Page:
The refusal by promoter Simon Bays to apologise for, or even acknowledge, the arrogant white privilege masquerading as irony in the ‘Bloods versus Crips’ theme is truly astounding. Bays’ disdainful and unrepentant negation of the offense caused by the proposed club night highlights just how far removed his experiences are from those of individuals tokenised in this theme. Were Bays to reflexively acknowledge his white privilege, he would realise that the realities of life for gang members in south central Los Angeles are not something to be trivialised for his commercial gain. The astounding display of ignorance in Bays’ statement sent to The Student disappointingly reinforces the refusal of the promoter to acknowledge just how iniquitous it is to parody an issue that has claimed the lives of so many underprivileged black men. Arguing that the theme was intended to be tongue-in-cheek or ironic depreciates just how grossly ignorant it was.
It is becoming increasingly difficult to pass distastefulness off as banter. Dismissing flagrant bigotry as good humour serves only to further engrain social injustice by legitimising the most insidious examples of racism as harmless fun. Calling out the obvious racism inherent in this Bloods and Crips theme is not ‘making a mountain out of a molehill’ as Bays has suggested, but rather an important refusal to accept injustice wherever is exists and however ‘meaninglessly’ it presents itself.
As someone usually more at pains to reconcile my love of hip-hop with my feminist impulses, I’ve spent an exorbitant amount of time overthinking Ghostface Killah’s lyrics. The references to gats and gang culture in hip-hop aren’t a matter of irony and appropriation for the people whose lived experiences are echoed by these lyrics. If the organisers of this event knew anything about the history of hip-hop, they would be aware that it wasn’t created to glorify the ‘thug life’; it was, and continues to be, a black subcultural movement which emerged as an artistic outlet for young people to deal with violence and gang culture. Hip-hop was a means to remove young people from the violence endemic in the underprivileged communities from which it emerged, and to allow them to express the hardships of life as members of a minority in America at the time.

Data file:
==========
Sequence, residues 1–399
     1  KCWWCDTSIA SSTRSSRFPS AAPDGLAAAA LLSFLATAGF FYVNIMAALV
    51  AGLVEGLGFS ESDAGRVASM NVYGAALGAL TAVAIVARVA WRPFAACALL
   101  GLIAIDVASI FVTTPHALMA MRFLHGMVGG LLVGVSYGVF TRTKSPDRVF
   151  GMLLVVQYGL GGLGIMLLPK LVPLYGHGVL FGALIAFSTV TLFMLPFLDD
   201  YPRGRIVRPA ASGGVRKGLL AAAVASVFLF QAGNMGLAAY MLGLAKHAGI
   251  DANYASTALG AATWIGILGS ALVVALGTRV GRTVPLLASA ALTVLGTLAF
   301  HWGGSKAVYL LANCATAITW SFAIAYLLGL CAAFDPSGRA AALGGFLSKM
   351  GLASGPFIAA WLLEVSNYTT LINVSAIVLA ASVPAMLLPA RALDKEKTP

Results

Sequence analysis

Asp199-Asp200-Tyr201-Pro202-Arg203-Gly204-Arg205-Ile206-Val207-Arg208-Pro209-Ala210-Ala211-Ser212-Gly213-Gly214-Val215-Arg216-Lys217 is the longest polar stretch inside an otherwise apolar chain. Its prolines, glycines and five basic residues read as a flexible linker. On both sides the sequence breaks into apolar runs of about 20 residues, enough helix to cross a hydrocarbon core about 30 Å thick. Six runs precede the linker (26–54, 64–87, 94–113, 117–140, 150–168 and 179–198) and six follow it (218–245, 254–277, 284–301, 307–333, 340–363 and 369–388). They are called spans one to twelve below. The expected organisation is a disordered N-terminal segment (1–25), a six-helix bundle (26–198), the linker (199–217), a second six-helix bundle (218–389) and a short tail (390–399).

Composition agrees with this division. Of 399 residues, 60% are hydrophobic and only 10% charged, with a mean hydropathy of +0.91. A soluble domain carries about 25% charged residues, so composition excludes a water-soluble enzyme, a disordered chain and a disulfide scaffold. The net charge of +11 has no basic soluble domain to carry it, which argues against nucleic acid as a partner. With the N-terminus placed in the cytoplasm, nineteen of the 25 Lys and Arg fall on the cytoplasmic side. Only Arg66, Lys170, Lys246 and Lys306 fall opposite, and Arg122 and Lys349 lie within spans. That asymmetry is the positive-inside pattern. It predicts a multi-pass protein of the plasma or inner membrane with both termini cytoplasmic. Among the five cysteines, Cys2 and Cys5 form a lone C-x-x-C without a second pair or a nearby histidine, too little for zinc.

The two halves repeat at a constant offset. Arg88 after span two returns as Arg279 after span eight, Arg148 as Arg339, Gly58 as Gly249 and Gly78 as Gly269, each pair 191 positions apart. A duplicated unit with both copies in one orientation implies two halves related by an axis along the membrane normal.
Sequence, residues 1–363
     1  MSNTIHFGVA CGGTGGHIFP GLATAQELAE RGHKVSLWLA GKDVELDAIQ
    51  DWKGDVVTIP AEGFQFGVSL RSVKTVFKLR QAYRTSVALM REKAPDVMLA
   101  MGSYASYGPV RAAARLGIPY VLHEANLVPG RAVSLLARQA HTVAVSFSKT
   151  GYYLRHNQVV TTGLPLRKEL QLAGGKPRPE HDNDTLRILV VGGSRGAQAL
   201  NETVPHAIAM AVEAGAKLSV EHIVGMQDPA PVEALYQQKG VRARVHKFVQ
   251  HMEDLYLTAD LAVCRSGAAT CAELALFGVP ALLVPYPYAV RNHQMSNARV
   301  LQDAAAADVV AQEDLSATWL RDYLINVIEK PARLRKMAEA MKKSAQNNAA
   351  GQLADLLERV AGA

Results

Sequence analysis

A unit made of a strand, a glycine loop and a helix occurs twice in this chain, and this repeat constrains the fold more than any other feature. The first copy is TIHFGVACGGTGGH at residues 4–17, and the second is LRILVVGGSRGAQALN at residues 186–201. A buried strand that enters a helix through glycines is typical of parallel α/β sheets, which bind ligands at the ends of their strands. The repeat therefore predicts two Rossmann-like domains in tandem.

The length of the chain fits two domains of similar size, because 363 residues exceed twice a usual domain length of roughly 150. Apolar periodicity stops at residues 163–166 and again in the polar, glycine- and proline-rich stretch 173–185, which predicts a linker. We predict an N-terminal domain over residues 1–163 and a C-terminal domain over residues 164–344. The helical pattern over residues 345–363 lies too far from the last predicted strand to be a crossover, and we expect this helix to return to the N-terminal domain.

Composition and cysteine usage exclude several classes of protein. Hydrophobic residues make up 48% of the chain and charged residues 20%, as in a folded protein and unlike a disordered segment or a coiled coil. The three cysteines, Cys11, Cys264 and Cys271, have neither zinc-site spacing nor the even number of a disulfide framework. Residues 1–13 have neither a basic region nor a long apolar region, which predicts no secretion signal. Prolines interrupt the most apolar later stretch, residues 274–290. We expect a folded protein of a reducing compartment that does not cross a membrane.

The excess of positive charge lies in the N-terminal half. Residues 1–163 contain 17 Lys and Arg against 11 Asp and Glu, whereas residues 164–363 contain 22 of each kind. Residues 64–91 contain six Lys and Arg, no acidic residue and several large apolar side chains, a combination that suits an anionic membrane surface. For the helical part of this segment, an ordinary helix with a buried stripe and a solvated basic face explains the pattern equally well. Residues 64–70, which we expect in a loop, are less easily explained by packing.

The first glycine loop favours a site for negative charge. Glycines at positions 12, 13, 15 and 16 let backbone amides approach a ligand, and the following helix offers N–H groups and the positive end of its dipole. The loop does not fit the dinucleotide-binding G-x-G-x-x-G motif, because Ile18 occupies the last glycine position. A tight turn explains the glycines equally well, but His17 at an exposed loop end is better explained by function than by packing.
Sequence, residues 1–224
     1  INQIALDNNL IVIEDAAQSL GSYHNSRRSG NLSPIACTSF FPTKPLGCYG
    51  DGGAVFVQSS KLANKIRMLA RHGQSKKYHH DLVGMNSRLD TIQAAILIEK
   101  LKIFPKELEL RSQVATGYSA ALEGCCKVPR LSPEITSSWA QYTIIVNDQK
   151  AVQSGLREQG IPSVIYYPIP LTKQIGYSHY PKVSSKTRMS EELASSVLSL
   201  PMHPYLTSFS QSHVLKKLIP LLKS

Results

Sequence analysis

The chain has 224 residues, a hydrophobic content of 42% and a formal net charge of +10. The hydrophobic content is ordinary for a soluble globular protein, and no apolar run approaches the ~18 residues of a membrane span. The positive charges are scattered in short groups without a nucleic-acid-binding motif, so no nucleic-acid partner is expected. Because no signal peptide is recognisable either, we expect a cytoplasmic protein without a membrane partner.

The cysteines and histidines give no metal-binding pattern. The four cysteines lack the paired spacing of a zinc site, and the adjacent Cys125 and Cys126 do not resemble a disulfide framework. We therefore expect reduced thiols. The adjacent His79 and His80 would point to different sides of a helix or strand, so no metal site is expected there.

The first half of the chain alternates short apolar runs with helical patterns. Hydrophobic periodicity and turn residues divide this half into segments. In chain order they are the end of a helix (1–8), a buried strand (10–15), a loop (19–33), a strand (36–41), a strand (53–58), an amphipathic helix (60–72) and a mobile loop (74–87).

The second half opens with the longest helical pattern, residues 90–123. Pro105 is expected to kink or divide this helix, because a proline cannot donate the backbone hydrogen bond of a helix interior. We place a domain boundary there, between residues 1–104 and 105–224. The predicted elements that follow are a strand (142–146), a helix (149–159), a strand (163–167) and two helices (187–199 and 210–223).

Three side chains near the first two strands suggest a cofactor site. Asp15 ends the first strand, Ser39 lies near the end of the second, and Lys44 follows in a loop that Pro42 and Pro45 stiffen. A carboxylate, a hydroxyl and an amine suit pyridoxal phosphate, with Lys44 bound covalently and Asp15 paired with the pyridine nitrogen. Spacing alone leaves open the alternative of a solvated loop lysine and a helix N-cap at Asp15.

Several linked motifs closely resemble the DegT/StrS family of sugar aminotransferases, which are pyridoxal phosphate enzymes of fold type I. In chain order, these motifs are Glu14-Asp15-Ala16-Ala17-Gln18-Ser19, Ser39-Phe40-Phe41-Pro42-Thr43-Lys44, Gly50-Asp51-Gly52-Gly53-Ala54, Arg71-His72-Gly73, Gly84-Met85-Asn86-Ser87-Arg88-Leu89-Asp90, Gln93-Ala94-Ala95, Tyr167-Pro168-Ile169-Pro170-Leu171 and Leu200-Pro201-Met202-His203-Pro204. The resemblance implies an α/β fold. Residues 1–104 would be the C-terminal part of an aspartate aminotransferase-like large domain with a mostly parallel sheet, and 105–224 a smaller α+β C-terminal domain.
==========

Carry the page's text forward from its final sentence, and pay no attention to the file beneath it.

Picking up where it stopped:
The lyrical content of hip-hop was intended to advocate political and social messages about the conditions of ghettos. While it may be hip to appropriate Biggie lyrics, ironically imitating gang culture fails to acknowledge the motivations that drive most young people to join gangs like the Bloods and Crips. Existing in deprived and underprivileged areas, where violence is endemic, gangs draw in vulnerable young people, and offer them a false sense of security. The theme of the club night in question completely ignores the wider context of oppression, deprivation and uncertainty that drives young people to join gangs. Whether the club theme was intended to glorify gang life or to caricature the culture surrounding hip-hop, both seem to miss the point spectacularly.
Gang violence disproportionately affects underprivileged young black men and is not a suitable subject for spoof. Had the promoters chosen to base their theme around any other issue disproportionately affecting deprived African Americans, such as a ‘Police Brutality Party’, the outrage surrounding it would be fittingly widespread. At a time when it is so apparent that African Americans are still not afforded the equality they deserve, and that ‘Black Lives Matter’ too, this club night smacks of white privilege and ignorance. Edinburgh University Student Association’s Black and Minority Ethnic Convenor, Faatima Osman, put it perfectly in her statement on the issue: ‘It is up to the oppressed to decide when a certain action hampers their liberation, it is not to be decided by the hegemonic group’. Quite simply, it is not for a white privileged man like Simon Bays to decide what is or isn’t offensive to a minority group.